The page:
James Woodworth, PhD
Commissioner of the National Center for Education Statistics
NCES Commissioner’s Statement on 2018 NAEP U.S. History, Civics, and Geography Results
April 23, 2020
Today, the National Center for Education Statistics (NCES) is releasing results on the performance of U.S. eighth-graders on the 2018 National Assessment of Educational Progress (NAEP) assessments in U.S. history, civics, and geography.
We observed three key patterns in the results of these assessments:
- Across all three subjects, a quarter or fewer of eighth-graders were at or above NAEP Proficient, while a quarter or more are below NAEP Basic. To give an example of what students at the NAEP Proficient level can do, students are able to explain the significance of people, places, events, ideas, and documents in American history (U.S. history); explain how and why legislative, executive, and judicial powers are separate, shared, and limited in American constitutional government (civics); and describe the physical and cultural characteristics of places and explain how places change due to human activity (geography).
- Declines in U.S. history and geography were particularly evident among our lowest performers. In both subjects, there were declines for the lowest-performing students—students at the 10th and 25th percentiles. These were the only declines we observed in the performance distribution in geography. Declines were also observed for students at the 50th and 75th percentile in U.S. history.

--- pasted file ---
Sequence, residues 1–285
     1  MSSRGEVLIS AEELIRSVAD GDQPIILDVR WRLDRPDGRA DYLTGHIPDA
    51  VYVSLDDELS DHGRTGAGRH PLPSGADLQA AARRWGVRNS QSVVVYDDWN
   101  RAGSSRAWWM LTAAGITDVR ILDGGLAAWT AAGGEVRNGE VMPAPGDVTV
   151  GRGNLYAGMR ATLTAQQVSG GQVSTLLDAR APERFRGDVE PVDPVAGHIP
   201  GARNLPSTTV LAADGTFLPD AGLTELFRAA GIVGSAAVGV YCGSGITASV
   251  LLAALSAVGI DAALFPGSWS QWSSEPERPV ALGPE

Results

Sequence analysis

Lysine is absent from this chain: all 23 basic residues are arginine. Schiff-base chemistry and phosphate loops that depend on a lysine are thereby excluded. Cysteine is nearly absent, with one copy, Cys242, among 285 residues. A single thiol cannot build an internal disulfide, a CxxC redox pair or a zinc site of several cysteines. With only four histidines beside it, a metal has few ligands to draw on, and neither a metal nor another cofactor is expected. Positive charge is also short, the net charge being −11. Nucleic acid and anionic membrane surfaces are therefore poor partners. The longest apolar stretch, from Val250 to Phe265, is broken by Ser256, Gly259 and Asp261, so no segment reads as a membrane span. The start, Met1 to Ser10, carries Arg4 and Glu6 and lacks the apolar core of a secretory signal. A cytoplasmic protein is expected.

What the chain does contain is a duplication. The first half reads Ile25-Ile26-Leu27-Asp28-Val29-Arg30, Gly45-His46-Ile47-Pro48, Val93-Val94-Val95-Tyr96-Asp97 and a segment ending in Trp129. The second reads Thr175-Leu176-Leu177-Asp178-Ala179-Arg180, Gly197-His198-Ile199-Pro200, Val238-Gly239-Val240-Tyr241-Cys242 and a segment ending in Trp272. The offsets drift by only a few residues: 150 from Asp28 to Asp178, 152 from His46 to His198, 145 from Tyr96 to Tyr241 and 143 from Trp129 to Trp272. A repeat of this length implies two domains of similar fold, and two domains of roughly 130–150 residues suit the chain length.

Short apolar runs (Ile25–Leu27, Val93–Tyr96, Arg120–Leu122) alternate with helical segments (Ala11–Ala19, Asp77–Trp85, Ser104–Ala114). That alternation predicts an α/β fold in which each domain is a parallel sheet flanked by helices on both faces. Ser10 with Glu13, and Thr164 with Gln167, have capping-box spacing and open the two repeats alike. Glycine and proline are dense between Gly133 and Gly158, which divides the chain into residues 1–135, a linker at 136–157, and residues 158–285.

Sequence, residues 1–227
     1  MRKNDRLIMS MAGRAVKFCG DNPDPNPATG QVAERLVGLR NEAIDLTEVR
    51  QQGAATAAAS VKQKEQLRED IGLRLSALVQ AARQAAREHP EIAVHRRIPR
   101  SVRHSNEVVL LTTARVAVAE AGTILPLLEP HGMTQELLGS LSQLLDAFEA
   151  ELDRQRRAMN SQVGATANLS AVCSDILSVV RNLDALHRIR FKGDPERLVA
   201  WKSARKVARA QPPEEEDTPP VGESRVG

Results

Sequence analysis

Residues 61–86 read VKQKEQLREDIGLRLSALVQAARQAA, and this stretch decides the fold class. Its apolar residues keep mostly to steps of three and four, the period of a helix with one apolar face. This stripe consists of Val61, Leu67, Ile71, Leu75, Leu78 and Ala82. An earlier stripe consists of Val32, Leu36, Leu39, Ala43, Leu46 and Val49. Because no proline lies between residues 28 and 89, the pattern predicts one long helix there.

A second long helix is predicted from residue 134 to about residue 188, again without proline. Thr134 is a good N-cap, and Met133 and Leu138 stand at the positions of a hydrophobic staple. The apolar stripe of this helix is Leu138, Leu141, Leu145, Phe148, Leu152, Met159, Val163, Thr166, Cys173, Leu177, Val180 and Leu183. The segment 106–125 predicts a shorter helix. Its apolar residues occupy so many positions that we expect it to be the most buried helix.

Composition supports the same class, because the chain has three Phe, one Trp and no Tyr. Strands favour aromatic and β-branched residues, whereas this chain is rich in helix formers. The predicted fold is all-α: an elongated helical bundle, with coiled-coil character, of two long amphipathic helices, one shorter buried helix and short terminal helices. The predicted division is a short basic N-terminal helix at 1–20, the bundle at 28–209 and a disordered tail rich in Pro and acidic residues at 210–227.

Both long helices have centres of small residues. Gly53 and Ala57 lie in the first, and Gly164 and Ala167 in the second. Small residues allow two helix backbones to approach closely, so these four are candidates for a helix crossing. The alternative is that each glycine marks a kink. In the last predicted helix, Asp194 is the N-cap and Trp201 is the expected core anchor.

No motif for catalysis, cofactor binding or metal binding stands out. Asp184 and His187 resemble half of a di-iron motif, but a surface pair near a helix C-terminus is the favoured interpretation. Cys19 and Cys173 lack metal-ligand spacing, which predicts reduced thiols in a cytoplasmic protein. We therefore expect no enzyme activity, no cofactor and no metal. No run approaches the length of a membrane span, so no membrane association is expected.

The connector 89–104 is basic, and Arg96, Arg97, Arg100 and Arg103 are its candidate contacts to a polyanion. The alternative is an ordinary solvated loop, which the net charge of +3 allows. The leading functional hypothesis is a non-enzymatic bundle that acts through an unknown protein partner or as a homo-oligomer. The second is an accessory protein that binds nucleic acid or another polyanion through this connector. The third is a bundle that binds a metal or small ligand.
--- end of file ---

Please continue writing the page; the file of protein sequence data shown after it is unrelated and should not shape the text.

- Declines in U.S history were pervasive. There were declines across all four historical themes that were measured (Democracy; Culture; Technology; and World Role); across most of the performance distribution (every performance level except for students at the 90th percentile); and for various student groups—declines for both boys and girls and White, Black, and Hispanic students.
This statement highlights some of the major findings from the 2018 NAEP U.S. history, civics, and geography assessments. Many more details are provided in the full report
on these assessments, available at https://www.nationsreportcard.gov/. A full presentation of the findings will be made at 1:30 p.m. EDT during a live
event organized by the National Assessment Governing Board. You can join the event by registering at http://cloud.nagb-gov.org/april-release-2020.
I would like to thank all the students, teachers, and principals who volunteered their time to take these assessments. Without them, the NAEP program would not be possible.